Massachusetts' Strict Data Security Regulations, Effective March 1, 2010, Pose Compliance Challenge for Many Organizations, Including Colleges, Universities, and Health Care Providers
As security breaches at major businesses continue to generate headlines, colleges, universities, health care providers, and any other organizations that own or license personal information of Massachusetts residents will soon be required to comply with Massachusetts’ groundbreaking information security regulations. These regulations require organizations to develop a comprehensive written information security program to safeguard any electronic or paper record that contains such information. In addition, organizations that electronically store or transmit such information must ensure that their computer systems meet a number of specific technical requirements, including encryption of certain data, and must provide security training to their employees. The rule applies to a broad array of organizations, and institutions located outside of Massachusetts may be unaware that the regulations apply to their handling of information relating to Massachusetts residents.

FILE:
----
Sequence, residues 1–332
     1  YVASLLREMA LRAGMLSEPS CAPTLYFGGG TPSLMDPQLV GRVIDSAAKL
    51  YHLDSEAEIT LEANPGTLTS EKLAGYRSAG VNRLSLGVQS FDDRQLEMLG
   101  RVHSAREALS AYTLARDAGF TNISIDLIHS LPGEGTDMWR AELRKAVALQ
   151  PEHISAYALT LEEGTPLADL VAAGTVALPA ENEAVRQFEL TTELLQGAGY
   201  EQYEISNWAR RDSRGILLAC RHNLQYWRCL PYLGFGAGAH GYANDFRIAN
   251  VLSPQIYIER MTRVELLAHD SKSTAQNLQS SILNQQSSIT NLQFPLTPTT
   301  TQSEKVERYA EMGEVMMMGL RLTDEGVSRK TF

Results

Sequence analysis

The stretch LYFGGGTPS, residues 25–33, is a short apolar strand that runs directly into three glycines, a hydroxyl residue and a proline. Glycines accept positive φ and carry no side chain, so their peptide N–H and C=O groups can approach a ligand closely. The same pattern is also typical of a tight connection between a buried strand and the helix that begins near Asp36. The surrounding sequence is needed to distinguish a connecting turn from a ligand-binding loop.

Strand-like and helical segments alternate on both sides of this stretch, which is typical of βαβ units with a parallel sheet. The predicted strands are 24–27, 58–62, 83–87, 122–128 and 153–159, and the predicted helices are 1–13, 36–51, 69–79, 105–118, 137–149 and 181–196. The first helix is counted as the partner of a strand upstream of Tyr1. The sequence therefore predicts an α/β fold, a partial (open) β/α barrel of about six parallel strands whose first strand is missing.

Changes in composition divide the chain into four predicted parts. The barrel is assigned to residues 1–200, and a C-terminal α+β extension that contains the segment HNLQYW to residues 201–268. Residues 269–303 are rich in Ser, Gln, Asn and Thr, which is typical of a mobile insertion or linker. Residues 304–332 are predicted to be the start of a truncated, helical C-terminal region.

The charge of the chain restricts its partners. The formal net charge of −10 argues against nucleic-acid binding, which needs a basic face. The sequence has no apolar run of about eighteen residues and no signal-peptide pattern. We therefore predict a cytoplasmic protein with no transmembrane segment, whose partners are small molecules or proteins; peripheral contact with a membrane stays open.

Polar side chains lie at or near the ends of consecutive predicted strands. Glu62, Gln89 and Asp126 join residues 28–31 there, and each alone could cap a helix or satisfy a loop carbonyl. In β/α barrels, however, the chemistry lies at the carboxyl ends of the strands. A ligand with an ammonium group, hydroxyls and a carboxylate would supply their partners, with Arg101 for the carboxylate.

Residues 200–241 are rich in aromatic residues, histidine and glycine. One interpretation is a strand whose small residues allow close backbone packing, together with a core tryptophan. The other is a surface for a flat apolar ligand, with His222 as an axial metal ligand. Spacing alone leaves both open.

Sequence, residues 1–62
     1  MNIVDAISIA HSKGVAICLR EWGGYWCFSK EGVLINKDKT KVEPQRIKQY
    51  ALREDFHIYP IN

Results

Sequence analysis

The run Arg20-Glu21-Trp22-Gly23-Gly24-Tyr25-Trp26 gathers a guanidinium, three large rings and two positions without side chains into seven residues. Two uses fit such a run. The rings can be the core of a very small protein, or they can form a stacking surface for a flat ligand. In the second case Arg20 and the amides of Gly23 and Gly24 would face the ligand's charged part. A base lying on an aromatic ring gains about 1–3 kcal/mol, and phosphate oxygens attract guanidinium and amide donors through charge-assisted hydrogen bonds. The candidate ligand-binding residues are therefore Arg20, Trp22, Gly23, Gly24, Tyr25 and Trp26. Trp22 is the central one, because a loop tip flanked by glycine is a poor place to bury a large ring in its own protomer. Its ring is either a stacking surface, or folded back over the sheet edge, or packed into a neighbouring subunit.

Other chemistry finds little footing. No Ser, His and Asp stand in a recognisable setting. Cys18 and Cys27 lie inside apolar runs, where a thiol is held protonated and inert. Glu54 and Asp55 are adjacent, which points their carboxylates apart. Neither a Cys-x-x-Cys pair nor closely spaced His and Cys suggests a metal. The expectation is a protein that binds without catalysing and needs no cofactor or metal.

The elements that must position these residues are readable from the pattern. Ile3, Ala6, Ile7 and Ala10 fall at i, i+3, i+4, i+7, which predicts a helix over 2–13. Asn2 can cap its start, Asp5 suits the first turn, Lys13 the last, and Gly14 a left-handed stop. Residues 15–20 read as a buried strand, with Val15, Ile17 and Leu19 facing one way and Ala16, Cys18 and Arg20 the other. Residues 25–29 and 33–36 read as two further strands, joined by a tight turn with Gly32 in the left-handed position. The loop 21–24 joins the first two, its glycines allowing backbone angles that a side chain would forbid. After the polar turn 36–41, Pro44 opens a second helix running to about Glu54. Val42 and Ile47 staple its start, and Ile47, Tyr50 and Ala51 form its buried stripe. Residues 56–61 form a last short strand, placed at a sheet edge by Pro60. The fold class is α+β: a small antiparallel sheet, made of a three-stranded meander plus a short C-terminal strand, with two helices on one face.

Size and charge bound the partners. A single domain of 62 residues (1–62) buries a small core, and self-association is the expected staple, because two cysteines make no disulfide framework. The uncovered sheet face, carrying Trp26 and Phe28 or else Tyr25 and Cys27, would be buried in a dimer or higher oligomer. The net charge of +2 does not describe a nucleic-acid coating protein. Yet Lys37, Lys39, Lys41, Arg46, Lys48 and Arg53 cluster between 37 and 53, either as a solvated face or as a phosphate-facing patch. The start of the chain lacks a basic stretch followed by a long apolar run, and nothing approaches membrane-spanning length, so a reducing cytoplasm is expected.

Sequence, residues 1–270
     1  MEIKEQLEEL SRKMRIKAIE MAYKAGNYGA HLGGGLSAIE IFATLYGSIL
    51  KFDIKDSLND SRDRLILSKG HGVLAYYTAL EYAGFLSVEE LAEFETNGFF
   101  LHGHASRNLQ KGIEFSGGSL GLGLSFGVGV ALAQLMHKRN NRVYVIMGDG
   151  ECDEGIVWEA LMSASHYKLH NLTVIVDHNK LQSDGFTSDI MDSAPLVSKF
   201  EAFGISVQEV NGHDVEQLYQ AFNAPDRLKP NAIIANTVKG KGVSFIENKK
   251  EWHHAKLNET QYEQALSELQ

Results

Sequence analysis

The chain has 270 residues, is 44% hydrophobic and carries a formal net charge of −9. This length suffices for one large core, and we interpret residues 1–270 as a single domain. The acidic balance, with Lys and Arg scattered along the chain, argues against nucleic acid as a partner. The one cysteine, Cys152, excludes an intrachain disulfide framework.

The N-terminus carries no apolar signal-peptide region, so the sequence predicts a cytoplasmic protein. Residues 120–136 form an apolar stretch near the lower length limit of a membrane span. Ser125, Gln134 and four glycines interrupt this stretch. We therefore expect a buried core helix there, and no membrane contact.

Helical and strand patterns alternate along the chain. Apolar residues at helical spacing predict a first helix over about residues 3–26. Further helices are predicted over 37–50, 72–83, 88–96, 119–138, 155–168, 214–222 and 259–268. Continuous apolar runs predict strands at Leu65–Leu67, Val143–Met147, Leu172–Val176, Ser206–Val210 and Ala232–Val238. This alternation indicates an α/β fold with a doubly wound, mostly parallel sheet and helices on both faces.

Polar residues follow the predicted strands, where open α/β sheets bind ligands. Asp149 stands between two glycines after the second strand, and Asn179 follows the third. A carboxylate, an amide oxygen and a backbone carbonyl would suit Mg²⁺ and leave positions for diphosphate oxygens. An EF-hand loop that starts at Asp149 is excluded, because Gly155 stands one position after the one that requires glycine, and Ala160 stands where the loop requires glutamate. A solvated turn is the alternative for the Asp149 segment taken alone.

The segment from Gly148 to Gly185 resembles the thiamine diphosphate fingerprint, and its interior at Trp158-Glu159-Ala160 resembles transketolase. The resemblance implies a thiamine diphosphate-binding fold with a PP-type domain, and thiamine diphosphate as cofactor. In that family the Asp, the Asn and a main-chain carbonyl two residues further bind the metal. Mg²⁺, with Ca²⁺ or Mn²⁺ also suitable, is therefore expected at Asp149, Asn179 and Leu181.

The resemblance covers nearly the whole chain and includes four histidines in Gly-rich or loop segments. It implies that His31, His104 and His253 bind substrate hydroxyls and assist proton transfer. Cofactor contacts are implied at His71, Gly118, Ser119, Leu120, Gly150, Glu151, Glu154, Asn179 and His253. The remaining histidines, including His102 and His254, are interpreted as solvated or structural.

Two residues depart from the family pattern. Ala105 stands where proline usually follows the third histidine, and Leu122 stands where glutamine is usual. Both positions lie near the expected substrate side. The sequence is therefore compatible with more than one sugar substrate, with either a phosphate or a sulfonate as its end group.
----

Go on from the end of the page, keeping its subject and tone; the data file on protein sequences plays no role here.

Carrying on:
Despite several delays in the deadline for compliance, the regulations will now take effect on March 1, 2010. These regulations are the latest in an emerging trend of increased state regulation in the information security area. They are arguably the most far-reaching and technically specific state data security laws enacted to date. Their technical requirements exceed federal data security regulations and guidance. With the effective date less than a month away, any organization that stores, handles, or accesses personal information of Massachusetts residents needs to assess its security program and take prompt action to ensure compliance with the new rules. This alert highlights several features of the regulations. The scope and breadth of the regulations have generated public controversy and, in response, caused several revisions since the regulations were first issued in September 2008.
Who is Subject To The Regulations?
Issued pursuant to the Massachusetts security breach notification law (Mass. Gen. L. ch. 93H), the regulations apply to all persons (including corporations and other entities) that own or license personal information about a Massachusetts resident. The regulations define “personal information” as a Massachusetts resident’s name in combination with certain information about the resident, such as his or her social security number, driver’s license number, financial account number, or debit or credit card number. This definition of “personal information” reaches a wide variety of records commonly kept by organizations in many different industries, such as records containing student information, employee information, customer information, investor information, and patient information.
Information Security Program